ToxStrategies scientist, Dr. Grace Chappell, along with co-authors from University of North Carolina, Duke University, and Texas A&M University, recently published the article “Variation in DNA-Damage Responses to an Inhalational Carcinogen (1,3-Butadiene) in Relation to Strain-Specific Differences in Chromatin Accessibility and Gene Transcription Profiles in C57BL/6J and CAST/EiJ Mice” in Environmental Health Perspectives.
This study investigated the relationship between genotoxicity and epigenetic responses by measuring DNA adducts, messenger RNA and microRNA expression, and genome-wide chromatin accessibility in lung tissue from two genetically divergent inbred mouse strains, C57BL/6J and CAST/EiJ following inhalation exposure to very high levels of 1,3-Butadiene. This study integrated multiple –omics platforms to provide a better understanding of the role of molecular states, some of which are dynamic, in the demonstrated variation in DNA damage responses across diverse genetic backgrounds. Higher transcription and a more accessible chromatin landscape around genes involved in detoxification pathways was observed in control CAST/EiJ mice relative to C57BL/6J mice. Upon chemical exposure, chromatin was significantly remodeled in the lung of C57BL/6J mice, a strain that acquired relatively higher levels of 1,3-butadiene–induced DNA damage, around the same genes, ultimately resembling the molecular profile of CAST/EiJ.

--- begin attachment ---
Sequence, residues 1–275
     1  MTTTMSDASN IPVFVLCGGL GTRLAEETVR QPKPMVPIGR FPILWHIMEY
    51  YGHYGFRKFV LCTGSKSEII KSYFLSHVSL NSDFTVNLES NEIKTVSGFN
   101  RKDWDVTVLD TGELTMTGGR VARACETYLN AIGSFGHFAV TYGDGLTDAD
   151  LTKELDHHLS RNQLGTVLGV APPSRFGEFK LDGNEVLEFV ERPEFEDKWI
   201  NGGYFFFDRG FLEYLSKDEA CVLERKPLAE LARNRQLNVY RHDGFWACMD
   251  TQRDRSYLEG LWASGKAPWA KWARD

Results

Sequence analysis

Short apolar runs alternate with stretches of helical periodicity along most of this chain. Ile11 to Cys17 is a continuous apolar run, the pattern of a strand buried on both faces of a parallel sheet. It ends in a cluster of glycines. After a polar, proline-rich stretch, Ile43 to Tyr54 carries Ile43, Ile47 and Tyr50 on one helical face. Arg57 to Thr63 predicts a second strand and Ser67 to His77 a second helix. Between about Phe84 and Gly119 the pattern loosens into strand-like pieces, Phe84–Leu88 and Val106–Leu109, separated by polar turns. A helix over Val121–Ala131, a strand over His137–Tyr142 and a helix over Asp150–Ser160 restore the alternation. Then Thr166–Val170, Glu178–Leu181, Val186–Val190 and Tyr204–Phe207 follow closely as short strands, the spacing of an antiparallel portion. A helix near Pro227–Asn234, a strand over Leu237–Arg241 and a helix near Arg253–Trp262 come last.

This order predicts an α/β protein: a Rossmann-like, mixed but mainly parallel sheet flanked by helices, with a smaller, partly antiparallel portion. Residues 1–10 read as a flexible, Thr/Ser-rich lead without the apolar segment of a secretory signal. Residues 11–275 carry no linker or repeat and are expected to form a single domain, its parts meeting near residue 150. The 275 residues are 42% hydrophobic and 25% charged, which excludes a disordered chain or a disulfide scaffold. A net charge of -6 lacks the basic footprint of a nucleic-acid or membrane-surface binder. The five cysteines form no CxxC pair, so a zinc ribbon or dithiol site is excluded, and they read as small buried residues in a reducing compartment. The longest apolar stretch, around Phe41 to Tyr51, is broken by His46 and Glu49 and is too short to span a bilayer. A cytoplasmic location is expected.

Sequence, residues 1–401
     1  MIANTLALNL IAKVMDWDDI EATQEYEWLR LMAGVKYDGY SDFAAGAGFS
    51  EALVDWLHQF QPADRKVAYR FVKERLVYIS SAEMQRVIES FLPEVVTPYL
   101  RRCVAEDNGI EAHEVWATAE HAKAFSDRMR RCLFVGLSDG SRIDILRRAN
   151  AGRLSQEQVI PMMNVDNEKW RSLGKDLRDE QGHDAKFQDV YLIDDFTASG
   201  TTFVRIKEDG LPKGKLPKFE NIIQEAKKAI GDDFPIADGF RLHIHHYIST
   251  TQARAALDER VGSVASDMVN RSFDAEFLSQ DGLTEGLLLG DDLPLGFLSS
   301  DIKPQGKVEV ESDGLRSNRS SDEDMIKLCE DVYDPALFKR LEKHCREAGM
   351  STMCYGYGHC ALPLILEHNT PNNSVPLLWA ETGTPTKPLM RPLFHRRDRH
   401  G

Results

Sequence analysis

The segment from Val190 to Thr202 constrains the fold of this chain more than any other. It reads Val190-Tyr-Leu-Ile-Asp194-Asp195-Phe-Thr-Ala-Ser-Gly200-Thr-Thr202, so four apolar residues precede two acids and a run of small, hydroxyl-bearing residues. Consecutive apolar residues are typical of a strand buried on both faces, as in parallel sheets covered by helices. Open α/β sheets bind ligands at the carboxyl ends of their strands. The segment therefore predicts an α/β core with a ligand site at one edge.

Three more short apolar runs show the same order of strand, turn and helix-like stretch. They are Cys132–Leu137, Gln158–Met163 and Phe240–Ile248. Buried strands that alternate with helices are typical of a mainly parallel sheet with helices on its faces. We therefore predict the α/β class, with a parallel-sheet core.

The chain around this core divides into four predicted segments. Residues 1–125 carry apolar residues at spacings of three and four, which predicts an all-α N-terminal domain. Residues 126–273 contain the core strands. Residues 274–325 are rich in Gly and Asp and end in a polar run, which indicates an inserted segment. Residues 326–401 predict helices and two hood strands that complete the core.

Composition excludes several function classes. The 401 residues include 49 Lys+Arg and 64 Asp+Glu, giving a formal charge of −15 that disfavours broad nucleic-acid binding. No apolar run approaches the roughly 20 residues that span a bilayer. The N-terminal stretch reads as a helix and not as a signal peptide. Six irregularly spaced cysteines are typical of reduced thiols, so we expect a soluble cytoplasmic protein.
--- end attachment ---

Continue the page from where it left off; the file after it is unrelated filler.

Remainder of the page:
These results emphasize the importance of considering genetic differences in model organisms that may influence metabolism and other underlying mechanisms of toxicity, as well as that of including epigenetic end points in hazard assessments of known and potential environmental carcinogens. More broadly, these results suggest that inter-individual variations in tolerance to disease susceptibility from exposures may largely depend on the “preparedness” of target tissues at a molecular level to efficiently mitigate the damaging effects of specific environmental agents.